High school teachers train in 3D-printing technology at Mines
Funded by a National Science Foundation grant, a group of local high school teachers spend part of their summer getting hands-on training in additive manufacturing
When Ashley Pederson started teaching engineering at Lakewood High School, she had no training on the equipment in the school’s 3D printing lab. She had to teach herself how to manage the lab, which isn’t uncommon for teachers like her.
“Every STEM teacher I know is self-taught on 3D printers,” Pederson said.
Thanks to a grant from the National Science Foundation (NSF), Pederson was part of a cohort of local high school teachers who spent six weeks at Mines this summer learning the ins and outs of additive manufacturing, also known as 3D printing. The teachers worked side-by-side with graduate students – using the same equipment Mines researchers do – so the teachers can bring that knowledge back to their students.
“Here at Mines, we have really advanced equipment, unique capabilities and technologies,” said Joy Gockel, associate professor of mechanical engineering. “A big focus of the program was to show additive manufacturing as an industrial manufacturing process that uses a bunch of different materials, like metals and ceramics, and has many different versions of the technologies that you can print with.”
Funding came through the NSF’s Research Experiences for Teachers in Engineering and Computer Science program. The program funds summer research experiences where teachers can connect with local universities, community colleges, school districts and industry partners to build collaborative relationships.
The cohort at Mines included teachers from Jefferson County, Douglas County, Denver Public and Cherry Creek School Districts.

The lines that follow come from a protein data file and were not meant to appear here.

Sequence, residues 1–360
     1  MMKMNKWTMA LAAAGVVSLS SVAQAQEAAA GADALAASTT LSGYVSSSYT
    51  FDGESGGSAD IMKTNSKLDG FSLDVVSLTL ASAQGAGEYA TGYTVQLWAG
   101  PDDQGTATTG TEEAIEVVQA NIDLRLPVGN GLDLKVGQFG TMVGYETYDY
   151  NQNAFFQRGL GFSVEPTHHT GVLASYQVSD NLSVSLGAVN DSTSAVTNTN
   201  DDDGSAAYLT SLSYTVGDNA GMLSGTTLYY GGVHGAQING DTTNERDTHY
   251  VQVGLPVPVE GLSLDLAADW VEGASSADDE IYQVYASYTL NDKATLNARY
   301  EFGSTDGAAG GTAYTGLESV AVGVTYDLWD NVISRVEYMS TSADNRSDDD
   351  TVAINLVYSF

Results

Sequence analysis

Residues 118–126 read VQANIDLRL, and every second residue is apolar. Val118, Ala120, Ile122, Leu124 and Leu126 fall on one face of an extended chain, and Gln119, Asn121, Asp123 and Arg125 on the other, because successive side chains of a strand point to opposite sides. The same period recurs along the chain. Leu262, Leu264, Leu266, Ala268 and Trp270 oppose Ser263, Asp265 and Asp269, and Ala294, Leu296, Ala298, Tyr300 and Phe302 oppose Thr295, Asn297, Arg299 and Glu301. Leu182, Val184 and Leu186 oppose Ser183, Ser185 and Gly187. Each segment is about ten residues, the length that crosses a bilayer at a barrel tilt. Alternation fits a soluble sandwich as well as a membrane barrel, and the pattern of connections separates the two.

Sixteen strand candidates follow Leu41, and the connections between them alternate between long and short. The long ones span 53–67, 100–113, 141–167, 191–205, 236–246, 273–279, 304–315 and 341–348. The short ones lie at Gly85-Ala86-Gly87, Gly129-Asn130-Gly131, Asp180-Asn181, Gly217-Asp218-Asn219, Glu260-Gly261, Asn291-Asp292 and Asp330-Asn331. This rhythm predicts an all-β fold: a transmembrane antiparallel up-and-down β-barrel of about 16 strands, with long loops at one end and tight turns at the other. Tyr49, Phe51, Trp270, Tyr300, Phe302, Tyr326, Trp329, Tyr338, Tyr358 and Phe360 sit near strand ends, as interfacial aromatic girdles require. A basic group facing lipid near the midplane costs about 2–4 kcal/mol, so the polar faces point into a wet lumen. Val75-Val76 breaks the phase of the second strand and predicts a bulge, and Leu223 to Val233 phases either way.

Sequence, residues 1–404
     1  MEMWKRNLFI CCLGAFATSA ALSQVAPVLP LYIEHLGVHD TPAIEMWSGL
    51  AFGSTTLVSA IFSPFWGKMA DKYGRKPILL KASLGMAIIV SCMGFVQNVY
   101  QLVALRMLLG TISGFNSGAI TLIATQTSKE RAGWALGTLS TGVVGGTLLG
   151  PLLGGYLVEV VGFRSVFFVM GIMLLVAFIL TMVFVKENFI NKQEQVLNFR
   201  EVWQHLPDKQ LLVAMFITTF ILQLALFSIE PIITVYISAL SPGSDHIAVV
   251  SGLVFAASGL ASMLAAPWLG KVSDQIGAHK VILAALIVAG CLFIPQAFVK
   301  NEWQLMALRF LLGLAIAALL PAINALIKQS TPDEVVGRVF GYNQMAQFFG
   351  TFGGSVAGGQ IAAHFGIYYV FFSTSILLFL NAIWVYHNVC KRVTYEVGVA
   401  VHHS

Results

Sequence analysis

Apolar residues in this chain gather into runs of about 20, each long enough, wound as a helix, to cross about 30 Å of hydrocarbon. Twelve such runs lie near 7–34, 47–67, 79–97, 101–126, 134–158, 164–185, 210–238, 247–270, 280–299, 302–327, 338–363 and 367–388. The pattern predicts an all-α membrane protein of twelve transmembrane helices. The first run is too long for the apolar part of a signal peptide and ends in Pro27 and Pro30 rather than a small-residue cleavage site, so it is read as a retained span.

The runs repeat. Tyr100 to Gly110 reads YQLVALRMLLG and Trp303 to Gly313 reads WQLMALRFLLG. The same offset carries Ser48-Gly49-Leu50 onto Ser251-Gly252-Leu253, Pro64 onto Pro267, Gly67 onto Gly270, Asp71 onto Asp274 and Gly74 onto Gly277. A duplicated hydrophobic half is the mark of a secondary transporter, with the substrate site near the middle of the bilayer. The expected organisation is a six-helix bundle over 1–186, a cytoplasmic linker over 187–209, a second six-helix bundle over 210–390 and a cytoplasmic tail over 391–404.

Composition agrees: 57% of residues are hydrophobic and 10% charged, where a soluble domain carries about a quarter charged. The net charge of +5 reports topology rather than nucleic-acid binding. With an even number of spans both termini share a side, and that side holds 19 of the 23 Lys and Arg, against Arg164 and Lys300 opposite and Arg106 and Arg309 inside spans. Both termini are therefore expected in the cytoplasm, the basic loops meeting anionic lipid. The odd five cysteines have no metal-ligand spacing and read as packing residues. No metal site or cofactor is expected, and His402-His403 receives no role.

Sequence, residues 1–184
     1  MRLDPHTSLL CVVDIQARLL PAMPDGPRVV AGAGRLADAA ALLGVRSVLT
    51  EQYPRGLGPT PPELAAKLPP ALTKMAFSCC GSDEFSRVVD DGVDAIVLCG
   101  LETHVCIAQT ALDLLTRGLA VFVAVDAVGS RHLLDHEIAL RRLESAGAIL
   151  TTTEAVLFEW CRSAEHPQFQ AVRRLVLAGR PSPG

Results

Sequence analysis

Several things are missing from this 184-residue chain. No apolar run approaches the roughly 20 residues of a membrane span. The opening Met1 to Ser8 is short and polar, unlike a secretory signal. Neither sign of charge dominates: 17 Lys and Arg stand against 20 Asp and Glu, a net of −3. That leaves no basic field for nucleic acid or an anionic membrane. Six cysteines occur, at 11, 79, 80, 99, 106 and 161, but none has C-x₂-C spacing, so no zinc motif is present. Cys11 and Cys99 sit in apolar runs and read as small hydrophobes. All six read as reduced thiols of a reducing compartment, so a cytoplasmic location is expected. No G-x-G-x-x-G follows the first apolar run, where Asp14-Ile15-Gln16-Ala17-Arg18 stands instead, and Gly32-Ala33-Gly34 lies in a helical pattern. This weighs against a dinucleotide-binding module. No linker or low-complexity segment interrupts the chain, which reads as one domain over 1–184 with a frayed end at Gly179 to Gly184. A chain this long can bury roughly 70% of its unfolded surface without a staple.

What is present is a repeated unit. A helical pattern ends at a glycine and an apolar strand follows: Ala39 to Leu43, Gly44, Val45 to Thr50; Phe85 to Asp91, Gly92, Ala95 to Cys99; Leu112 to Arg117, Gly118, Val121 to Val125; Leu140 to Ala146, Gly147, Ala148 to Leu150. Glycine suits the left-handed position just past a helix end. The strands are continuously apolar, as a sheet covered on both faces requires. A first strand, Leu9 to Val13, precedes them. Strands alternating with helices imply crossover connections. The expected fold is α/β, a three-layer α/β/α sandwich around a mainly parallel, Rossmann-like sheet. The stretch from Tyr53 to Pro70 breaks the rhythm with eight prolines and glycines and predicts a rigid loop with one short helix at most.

While on campus, the teachers took part in a range of experiences. Graduate students and faculty from several departments led lectures and hands-on training with the teachers. The teachers were also able to tour some local additive manufacturing companies.
Deb Tawzer, an engineering teacher at Legend High School in Parker, said she took part in the program not only to learn more about her school’s 3D printing capabilities, but also to be able to give her students a broader perspective. While Tawzer even teaches an additive manufacturing class at Arapahoe Community College where some of her high school students can receive college credit, she said the Mines program has opened her eyes to what is possible.
“I had no idea I’d learn as much as I did,” Tawzer said. “My view and my students’ view on additive is limited compared to what it really is. I knew so little, and this has increased what I know by so much.”
Gockel said the program accepted a broad range of teachers – from those who have worked with 3D printers for years to those who have no background with additive at all.
“One of the challenges was having teachers with different backgrounds, as well as different student populations,” she said. “We made sure the program was flexible in a way that the teachers had an opportunity to really think about their students and what would be most impactful to them.”